Don’t just Resolve Problems – Look for Opportunities
Resolving issues within processes is all well and good, but it’s important that you also look for opportunities along the way. Identifying these key points could actually trigger a much bigger change within your business for better outcomes. Areas where you could be looking and creating new opportunities for include: better customer service, improved collaboration and communication between team members and improving the relationship between management and other team members. Developing upon these opportunities will improve the overall success of your business.
Keep Measuring and Refining
There is always room for improvement. Just because you have resolved a specific issue which has your process working better in that instance, it doesn’t mean that will always be the case. It’s important that you keep on top of processes on a regular basis. As your business grows things will change, so it’s essential that you keep monitoring and reviewing your processes to ensure they are still effective as they once were and fix as you go. That’s why something like Kanban boards can be incredibly useful. They are easy to modify when changes are made and allow for continuous evaluation. They are great tools to use to be in-keeping with business growth.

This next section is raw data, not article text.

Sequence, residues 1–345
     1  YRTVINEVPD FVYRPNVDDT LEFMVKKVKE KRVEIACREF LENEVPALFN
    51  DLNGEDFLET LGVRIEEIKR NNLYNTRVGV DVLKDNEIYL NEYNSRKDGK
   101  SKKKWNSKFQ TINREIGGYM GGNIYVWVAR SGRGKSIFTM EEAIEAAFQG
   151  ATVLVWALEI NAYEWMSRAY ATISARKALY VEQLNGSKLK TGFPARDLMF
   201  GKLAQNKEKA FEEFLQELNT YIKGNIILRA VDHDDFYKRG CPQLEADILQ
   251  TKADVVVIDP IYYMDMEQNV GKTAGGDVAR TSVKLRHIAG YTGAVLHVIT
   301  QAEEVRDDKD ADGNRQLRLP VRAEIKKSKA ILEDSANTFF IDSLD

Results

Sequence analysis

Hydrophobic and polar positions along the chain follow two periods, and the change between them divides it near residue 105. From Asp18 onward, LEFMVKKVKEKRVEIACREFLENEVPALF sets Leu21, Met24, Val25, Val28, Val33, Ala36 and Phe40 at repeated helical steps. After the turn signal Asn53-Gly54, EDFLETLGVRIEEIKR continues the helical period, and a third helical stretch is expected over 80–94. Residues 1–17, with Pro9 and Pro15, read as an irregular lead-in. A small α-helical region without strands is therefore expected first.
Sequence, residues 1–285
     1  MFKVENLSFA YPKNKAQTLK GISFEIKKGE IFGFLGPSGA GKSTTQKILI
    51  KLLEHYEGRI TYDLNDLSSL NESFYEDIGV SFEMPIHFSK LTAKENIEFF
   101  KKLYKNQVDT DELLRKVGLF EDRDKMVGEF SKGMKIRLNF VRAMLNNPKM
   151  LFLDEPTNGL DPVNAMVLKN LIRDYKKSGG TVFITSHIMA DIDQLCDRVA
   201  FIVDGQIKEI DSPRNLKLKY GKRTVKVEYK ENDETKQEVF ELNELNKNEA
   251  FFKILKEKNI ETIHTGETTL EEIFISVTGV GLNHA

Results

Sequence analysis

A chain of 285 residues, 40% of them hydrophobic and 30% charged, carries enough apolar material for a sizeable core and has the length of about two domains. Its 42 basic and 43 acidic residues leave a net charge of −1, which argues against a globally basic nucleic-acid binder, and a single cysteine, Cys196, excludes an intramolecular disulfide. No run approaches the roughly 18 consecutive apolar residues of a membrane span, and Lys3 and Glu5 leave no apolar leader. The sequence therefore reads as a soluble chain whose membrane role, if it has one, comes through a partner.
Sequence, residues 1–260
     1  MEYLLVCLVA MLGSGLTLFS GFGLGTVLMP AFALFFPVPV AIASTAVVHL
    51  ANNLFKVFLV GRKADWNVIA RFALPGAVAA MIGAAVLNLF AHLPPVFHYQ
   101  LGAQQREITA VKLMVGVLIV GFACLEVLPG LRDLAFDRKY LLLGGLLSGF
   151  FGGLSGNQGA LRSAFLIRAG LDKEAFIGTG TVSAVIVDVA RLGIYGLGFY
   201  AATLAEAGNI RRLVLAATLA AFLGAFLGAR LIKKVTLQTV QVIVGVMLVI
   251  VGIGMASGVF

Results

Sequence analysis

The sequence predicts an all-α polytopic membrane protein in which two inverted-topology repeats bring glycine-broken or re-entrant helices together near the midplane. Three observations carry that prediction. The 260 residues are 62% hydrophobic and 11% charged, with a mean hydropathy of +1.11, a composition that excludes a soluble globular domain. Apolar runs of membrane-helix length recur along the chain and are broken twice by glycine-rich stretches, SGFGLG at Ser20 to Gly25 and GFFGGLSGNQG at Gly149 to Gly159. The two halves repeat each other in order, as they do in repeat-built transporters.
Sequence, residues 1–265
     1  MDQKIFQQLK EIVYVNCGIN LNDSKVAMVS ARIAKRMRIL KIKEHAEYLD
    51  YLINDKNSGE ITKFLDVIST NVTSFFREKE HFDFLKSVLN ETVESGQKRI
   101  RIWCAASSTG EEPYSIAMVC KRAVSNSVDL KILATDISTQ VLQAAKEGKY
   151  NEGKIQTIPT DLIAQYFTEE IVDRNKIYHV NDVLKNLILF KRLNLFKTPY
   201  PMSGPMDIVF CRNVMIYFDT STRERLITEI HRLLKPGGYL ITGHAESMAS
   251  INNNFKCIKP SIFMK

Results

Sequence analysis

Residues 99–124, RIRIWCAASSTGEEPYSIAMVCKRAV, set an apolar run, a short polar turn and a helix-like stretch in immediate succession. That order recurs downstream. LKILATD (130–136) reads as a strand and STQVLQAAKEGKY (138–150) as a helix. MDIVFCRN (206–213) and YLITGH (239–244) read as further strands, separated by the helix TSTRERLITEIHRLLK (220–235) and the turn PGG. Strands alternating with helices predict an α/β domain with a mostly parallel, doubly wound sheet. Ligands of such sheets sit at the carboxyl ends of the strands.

Have a Contingency Plan
When evaluating and resolving processes you also need to think about what happens if things aren’t running as they normally would. For example – will things still run as smoothly if someone is on holiday for 2 weeks, or if they have maternity/paternity leave scheduled in? These are common things that companies can forget when creating and evaluating processes. As well as identifying problems and resolving them, you also need to be on the lookout for potential problems that may not have arisen yet but could do. That way you are taking preventative measures and have everything covered no matter who is on holiday. We firmly believe in the phrase “failing to prepare, is preparing to fail”.